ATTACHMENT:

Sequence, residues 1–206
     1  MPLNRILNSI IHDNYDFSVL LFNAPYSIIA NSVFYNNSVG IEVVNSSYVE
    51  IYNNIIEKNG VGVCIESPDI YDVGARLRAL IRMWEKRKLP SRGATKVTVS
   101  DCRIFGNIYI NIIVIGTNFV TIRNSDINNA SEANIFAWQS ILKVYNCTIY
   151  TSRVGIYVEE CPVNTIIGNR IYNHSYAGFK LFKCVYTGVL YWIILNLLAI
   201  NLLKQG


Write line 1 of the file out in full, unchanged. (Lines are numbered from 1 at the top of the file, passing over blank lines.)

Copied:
Sequence, residues 1–206